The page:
Heymore – Arthur Moss

Description of Heymore

Heymore is a multi-gauge oval shaped layout comprising of both OO Gauge and 009 Scale. It measures at 6ft x 4ft. The OO gauge is operated by a mobile app on my phone via Hornby’s HM6000 and the 009 is controlled by a generic Bachmann controller. At some point, the layout will also have to capability to also run DCC locomotives however currently, this isn’t the case. The layout hasn’t got legs of its own – it’s just the baseboard, so a collapsible table is used which we take to all shows that Heymore visits.

Heymore is a UK based layout however it isn’t set in a particular era or region but if it was, then Heymore would be set in the 21st century as a station on a fictious heritage railway based in the bottom-left hand corner of the Midlands. I have created some fictious history of the railways presented on the layout.

The Layout’s Setting

The 009 Scale is representing the Heymore Light Railway. The Heymore Light Railway is a 1ft 11” narrow gauge line spanning 8 miles that was constructed between 1865 and 1870 by the Heymore Railway Company. Passenger trains started in summer 1870 with the first freight services starting in 1875 after coal was found in the Heymore Hills. The railway was never nationalised into the LMS nor British Railways and the railway closed in 1955 after 85 years of service.

Thankfully the HLR was purchased into preservation in 1960 with the first 4 miles completed in 1964 with the re-opening ceremony taking place the same year. In the summer of 1970, the railway celebrated 100 years of the Heymore Light Railway and to mark this, the very pub (which is now a cafe) where the HLR was first thought of, unrevealed a special plaque above the very spot where the HLR’s founders sat at when they first thought of the idea of building a railway through Heymore. As well as this, the HLR opened their new extension which covered the other 4 miles of the line.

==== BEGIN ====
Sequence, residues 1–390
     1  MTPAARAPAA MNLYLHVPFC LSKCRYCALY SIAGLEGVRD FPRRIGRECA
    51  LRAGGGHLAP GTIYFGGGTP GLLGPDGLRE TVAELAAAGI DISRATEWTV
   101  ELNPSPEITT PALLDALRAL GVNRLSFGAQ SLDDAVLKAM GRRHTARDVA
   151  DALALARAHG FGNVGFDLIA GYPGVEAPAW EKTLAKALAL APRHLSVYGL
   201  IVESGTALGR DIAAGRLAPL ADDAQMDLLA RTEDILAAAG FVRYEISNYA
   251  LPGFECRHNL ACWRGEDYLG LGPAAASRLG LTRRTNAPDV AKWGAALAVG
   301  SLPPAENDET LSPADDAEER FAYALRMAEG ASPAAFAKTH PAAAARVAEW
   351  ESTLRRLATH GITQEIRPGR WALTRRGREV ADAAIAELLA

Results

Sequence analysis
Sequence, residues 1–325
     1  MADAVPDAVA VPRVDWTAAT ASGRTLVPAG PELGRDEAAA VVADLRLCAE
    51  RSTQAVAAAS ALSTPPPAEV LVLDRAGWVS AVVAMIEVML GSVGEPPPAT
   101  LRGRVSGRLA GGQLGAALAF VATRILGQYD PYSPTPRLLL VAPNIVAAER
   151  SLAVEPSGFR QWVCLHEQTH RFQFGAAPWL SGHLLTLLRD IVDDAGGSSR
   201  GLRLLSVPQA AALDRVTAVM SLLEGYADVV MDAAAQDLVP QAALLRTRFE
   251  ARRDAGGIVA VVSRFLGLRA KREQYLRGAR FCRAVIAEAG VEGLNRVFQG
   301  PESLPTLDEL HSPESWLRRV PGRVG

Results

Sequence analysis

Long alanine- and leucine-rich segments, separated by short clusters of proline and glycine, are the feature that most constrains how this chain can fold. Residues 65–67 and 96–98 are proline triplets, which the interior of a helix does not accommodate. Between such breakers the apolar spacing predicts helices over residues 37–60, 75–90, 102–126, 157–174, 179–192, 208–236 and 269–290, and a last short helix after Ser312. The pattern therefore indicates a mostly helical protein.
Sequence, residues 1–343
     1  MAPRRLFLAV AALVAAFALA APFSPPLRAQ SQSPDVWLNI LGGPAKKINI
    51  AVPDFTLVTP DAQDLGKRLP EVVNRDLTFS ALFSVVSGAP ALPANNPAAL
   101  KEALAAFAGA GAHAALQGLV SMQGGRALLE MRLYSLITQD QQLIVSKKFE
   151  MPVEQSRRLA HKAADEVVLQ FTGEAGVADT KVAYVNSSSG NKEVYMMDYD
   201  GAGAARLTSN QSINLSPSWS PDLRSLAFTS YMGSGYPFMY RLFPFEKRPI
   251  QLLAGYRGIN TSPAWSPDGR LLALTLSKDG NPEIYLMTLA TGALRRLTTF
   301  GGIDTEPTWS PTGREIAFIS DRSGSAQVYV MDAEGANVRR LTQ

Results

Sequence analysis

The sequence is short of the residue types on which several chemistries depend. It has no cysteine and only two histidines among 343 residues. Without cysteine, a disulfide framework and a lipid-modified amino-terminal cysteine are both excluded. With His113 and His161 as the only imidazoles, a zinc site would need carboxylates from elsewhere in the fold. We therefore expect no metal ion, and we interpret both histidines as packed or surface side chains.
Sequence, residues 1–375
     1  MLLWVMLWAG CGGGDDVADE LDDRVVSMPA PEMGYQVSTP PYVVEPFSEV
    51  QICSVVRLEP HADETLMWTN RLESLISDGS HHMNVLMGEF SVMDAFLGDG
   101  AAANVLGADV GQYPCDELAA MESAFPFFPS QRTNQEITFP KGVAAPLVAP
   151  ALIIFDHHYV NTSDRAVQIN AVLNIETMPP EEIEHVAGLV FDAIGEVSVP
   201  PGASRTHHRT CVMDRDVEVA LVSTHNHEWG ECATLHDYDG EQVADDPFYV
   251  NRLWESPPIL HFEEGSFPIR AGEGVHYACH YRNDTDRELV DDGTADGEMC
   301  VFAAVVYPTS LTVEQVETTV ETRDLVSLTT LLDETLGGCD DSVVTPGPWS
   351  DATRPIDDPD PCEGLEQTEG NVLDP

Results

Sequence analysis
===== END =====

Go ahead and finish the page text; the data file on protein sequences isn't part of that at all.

This would mark the first time a train would run on the entire 8 miles of track since closure 15 years prior. The Wessex Valley Railway operated special services into Heymore. The railway would have celebrated 150 years in 2020 however this event was cancelled due to Covid-19. In Summer 2021, the railway held their 150+1 gala event which included 2 visiting locomotives with these being Quarry Hunslet “George B” from the Bala Lake Railway and Penrhyn Mainline Hunslet “Blanche” from the Ffestiniog Railway.

The OO Gauge is representing the Wessex Valley Railway. The railway first opened as a single-track branch line in 1910 by the LNWR and it linked the town of Gaunt to the small city of Wessex-On-Trent. In 1923, the railway became under the operation of the LMS after the LNWR was absorbed into the LMS and in 1928, the railway became doubled tracked to increase services.

In 1948, the railway was nationalised and became part of British Railways. The line fell victim to Beaching’s Axe and was closed in 1962. The railway was preserved in 1965 however due to the fact that the railway had closed just 3 years prior, the track and track-bed was in good nick and after purchasing some rolling stock, hiring 2 locomotives from the NCB and doing some permanent way work to the track and some TLC to the stations, the railway opened its doors in 1967.

If you would like this layout at your show, please contact me via email here: arthurvmoss@gmail.com or telephone me on: 07496 139688

The pictures below are of Heymore at her first exhibition at the Claymills Victorian Pumping Station’s Model Railway Exhibition in Burton-Upon-Trent back in July 2022. Heymore was very much still in construction during this time. These photos will be replaced when I have photos of her when she is complete.

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